As with all of our rambles, there’s usually so much to explore that it’s easy to get distracted. If we had several days in an area we could do a very thorough expedition. However, with a short time we have to stay focused. I had one place I definitely wanted to visit, and I wanted to make sure we had enough time to give it the attention it deserved.
Old Waxhaw Presbyterian Church
As a taphophile, I’d been wanting to visit the Old Waxhaw Presbyterian Church for ages. Several of the headstones in the cemetery are highlighted in David Gillespie’s book, A Brief Treatise on Tomb and Grave Stones of the Eighteenth Century. I knew the cemetery contained other unusual examples of funerary art, so we headed in that direction.
Old Waxhaw Presbyterian is three miles southeast of the SC-NC Corner Marker. The cemetery is on the National Register, but the current sanctuary, built in 1896, doesn’t seem to be listed.
The congregation formed in the early 1700s and the first church was built sometime in around 1756. The current building is the third to serve the congregation. While historic, the architecture wasn’t unusual. We decided to turn our attention to the cemetery.
Right next to the church is a cross-shaped enclosure built of brick. The area enclosed several graves, but was locked. A crest on the iron gates bore the name W. R. Davie.
William Richard Davie served as governor of North Carolina in the early 1800s and the enclosure contains the graves of his family.
Next to the Davie’s plot the Waxhaw Chapter of the Daughters of the American Revolution have erected a monument to Elizabeth Hutchinson Jackson, the mother of Andrew Jackson. Smaller markers commemorate members of the congregation who fought in the Revolutionary War, some of which were killed in Buford’s Massacre. These are not actual burials, but memorials. Elizabeth Jackson is actually buried in Charleston.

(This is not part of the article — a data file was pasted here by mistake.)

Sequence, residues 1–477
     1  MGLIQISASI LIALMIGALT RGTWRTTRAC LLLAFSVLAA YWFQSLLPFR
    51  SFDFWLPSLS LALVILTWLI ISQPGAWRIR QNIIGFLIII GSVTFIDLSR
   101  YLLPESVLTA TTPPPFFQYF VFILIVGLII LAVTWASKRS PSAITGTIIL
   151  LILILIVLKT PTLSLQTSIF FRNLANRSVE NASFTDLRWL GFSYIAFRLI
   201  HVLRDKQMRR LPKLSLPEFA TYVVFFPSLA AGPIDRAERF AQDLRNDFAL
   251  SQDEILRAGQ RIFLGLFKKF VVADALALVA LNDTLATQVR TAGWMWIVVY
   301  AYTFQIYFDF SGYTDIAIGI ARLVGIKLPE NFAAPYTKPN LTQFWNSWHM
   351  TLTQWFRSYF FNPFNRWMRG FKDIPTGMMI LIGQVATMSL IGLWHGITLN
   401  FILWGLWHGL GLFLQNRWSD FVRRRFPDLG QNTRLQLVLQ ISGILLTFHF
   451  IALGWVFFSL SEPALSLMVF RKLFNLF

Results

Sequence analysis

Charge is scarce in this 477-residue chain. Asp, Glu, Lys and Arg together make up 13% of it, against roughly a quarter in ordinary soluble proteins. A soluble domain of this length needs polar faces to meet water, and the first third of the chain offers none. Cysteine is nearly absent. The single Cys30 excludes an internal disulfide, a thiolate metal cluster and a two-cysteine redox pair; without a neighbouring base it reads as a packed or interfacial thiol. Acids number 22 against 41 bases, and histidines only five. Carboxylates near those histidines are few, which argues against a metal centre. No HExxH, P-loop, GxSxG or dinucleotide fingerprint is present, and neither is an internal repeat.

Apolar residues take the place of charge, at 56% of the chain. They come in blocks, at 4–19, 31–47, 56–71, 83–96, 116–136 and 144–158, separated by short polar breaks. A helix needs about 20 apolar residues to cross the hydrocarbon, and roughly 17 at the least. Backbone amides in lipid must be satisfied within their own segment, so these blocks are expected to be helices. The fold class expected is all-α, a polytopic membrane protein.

The cemetery proper extends for several acres from this point. The extent of the cemetery was daunting, and I really wished we had skipped some of the earlier trips and headed straight here.
There was a marker for Andrew Jackson, Sr., father of President Andrew Jackson. The original marker was lost.
We found another unusual enclosure. This one had a high stone wall with a stairway made of embedded rock. There were several graves enclosed and additional inscriptions on the actual walls of the structure.
The funerary art did not disappoint. There were several stones with the winged souls motif, as well as other artistic elements.
So many of the headstones were hand-carved that it was hard to keep track of them all. The lettering was distinctive, and some of the stones still bore the lines etched to keep the letters straight.
I was amazed at the amount of carving on these stones, especially since it had to be hand done. Many of these headstones had the individual’s information on one side with a verse inscribed on the reverse.
Some of these seem trite to us now, but were in fashion in the 18th Century. The grave of James Crawford had the following inscription, which seemed to be popular on other graves of that era…
Remember friends as you pass by as you are now so once was I. As I am now so you must be prepare yourself to follow me.
There were other equally florid quotations. This one was taken from an Isaac Watts hymn and was also popular in this era. This particular headstone is unique in that the stone mason ran out of room for the word “proclaims”. He got first part of the word, but the rest is etched above.
Hear what the voice from heaven proclaims. For all the pious dead! Sweet is the savour of their names, And soft their dying bed.Isaac Watts
As you might imagine, with all of these hand-carved stones, there were lots of signature stones. There was an early Thomas Walker and several from the firm of Walker & Evans. Other names appeared throughout the cemetery.
I tried to imagine the expense and trouble of hauling a headstone from Thomas Walker’s shop in Charleston all the way to the backwoods of South Carolina.
There was much more we could have explored in the Old Waxhaw Cemetery, but daylight was rapidly fading. We decided to continue our travels.
Continued on the next page…